Local Blue Jays fans’ hopes dashed this season
Struggling team could take years to rebuild
It was a rough year for the Toronto Blue Jays and their millions of fans spread across this country and beyond.
Yes, after entering the season with a good deal of hope they experienced one disappointment after another. The result was they won a grand total of 73 games while ending on the short end on 89 occasions for a meagre .451 average.
This came up well short of your columnist’s prediction of a .500 season, which brought some derision from a few die-hard fans looking for a miracle campaign.
Since 2000 this record matched that of the 2012 team and the only worse year was 2004 when they won just 67 games. It was back in 1969, shortly after they became an MLB entry that they won a low of 37 games in a shortened season.
So, what happened during the just-completed year that took the Jays out of contention early? And what does the future promise?
It’s obvious the old expression “wait ’til next year” is now inappropriate as the experts claim it will require a good three seasons for the team to ever become contenders in a division with the likes of the Boston Red Sox and New York Yankees.
While there may have been some lineup holes in the preseason, the Jays were believed to have the best starting rotation in the league. And it looked that way with the top five all having been proven winners – Marcus Stroman, Jay Happ, Aaron Sanchez, Mark Estrada and Jaime Garcia, with Joe Biagini filling in.
Well, at the end of the campaign Happ was with the Yankees via trade, Garcia was cut loose due to inept pitching and both Stroman and Sanchez were on the injury list.
Happ emerged as the ace but went to the Yankees and the remaining trio – Sanchez, Stro- man and Estrada – won a total of 15 games. That definitely is not championship calibre.
The disaster caused by Roberto Osuna, their great closer, resulted in his quick departure. The injuryprone Josh Donaldson, the third baseman designed to lead the attack, missed almost the entire season and ended up in Cleveland, while others being shipped out included Steve Pearce and Garcia along with a few non-producers. And then ace shortstop Troy Tulowitzki failed to play a single game due to injuries.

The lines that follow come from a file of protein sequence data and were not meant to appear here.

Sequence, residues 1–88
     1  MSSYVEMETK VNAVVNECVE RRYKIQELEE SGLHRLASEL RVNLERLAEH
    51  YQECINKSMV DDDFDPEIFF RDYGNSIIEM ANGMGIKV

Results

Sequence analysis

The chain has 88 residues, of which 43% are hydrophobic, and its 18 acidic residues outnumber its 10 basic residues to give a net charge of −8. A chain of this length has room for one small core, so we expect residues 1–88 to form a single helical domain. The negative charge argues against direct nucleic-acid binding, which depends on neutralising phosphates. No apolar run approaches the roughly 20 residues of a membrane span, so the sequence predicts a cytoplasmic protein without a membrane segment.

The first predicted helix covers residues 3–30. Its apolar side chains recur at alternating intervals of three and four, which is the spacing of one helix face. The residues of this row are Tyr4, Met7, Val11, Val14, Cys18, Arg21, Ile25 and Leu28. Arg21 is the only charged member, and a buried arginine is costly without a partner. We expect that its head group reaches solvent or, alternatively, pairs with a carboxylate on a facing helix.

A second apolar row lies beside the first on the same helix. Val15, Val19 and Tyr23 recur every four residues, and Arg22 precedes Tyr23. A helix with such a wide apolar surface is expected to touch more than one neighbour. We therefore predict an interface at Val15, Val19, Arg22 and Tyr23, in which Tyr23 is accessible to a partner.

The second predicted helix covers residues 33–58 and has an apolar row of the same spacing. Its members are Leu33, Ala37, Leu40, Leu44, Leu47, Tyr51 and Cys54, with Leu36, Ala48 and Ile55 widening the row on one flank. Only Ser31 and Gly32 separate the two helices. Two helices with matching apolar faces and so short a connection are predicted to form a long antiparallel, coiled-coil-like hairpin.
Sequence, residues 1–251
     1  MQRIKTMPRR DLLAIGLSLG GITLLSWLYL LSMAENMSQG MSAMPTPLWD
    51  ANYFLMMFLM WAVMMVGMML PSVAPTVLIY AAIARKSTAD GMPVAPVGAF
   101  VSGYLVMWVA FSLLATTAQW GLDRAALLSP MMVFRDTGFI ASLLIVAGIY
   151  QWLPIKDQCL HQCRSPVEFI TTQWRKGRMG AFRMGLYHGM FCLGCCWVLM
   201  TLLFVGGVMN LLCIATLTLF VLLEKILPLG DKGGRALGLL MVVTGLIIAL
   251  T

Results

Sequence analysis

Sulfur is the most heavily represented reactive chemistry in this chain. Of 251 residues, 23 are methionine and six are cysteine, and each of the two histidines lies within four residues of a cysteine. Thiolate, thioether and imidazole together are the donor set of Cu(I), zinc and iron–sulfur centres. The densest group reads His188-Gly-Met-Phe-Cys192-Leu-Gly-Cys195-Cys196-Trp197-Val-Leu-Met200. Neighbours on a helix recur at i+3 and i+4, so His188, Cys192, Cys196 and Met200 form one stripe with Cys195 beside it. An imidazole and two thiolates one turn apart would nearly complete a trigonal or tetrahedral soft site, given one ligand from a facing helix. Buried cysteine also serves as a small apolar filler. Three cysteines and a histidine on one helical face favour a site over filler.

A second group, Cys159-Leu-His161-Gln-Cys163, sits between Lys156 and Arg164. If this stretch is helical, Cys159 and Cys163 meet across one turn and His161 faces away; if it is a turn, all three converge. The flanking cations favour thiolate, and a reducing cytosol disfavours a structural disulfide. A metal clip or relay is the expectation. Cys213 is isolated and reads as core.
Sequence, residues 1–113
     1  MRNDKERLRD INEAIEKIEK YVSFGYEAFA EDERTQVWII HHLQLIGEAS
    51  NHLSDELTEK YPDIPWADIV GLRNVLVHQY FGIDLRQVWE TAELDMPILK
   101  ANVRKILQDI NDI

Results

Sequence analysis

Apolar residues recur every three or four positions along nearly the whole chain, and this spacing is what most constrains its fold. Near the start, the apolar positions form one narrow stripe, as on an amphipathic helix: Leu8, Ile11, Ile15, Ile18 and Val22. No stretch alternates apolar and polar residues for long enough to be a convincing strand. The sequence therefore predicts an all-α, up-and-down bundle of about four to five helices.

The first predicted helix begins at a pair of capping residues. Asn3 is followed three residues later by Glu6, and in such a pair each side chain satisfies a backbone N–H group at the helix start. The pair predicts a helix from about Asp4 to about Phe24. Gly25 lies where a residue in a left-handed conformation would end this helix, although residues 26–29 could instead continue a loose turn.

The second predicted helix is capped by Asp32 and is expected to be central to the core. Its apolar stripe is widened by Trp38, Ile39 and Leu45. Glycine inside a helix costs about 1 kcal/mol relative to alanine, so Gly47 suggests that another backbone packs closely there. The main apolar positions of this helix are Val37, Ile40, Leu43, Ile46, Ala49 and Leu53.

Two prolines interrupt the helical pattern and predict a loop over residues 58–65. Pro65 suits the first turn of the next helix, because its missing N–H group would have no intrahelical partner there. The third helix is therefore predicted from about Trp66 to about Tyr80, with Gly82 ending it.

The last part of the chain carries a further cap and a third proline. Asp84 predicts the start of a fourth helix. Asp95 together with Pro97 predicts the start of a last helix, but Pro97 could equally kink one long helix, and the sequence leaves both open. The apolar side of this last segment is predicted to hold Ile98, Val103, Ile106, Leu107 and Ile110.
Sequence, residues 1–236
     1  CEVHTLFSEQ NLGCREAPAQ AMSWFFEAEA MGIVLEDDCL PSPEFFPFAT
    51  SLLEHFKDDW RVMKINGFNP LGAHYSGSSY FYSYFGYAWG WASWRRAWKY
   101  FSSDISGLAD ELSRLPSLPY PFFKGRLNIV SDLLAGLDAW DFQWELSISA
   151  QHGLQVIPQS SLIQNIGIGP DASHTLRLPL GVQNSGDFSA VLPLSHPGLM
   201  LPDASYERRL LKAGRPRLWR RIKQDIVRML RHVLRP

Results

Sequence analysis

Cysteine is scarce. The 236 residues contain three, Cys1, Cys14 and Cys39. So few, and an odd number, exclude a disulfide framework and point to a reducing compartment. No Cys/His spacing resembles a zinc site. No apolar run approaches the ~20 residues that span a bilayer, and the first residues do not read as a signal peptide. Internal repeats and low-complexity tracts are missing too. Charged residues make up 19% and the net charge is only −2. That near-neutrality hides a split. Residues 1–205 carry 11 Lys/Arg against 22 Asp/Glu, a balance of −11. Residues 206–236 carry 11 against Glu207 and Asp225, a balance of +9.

This placed a huge load on the shoulders of manager John Gibbons and he performed remarkably well in maintaining some sort of order in a totally fouled up situation. But that was his swan song as he has parted on good terms – so much so that he received a long-standing ovation from fans during his final game.
But not all the blame could be leveled on the pitching staff.
While in most cases the newcomers had fewer appearances that the veterans, the top eight hitters at the end were all firstyear players. As a matter of fact, the top veteran was Kevin Pillar with an average of .252. The worst regular and another counted on for leadership was catcher Russell Martin who posted a .194 mark.
They no longer had any power hitters returning other than Justin Smoak, who continued to swat home runs but had a mere .245 average. However, newcomer Randal Grichuk stepped up and delivered well after a horrible start and later in the year, rookies like Rowdy Tellez, Lourdes Gurriel and Aledmys Diaz proved positive additions.
While general manager Ross Atkins is expected to do a good deal of player shuffling this off-season he first must find a younger manager capable of the long haul in rebuilding the team. With younger performers like Telez, Gurriel, Billy Mckinney and catchers Jensen and Mcgee, along with some fine looking prospects in the minors – Vlad Guererro Jr. and Bo Bichette – the team will look younger and faster but It will require seasoning. And then there is still the pitching conundrum to face.
Late additions like Thomas Pannone, Ryan Borucki, Joe Petricka, Sean Reid-foley and Sam Gaviglio may be the temporary solution but Blue Jays GM Ross Atkins must find one front liner from the free agent market if Blue Jays fans are to once again find the pride that accompanies victory. It has been 25 years since the team marched to World Series honours – it could take that much longer unless there is a change in management decisions and a loosening of the purse strings.
Let’s hope for great local fans like Mark Longpre, Lou Lambe, Katie Tower, Steve Epworth and dozens more in our town that good things will happen sooner rather than later.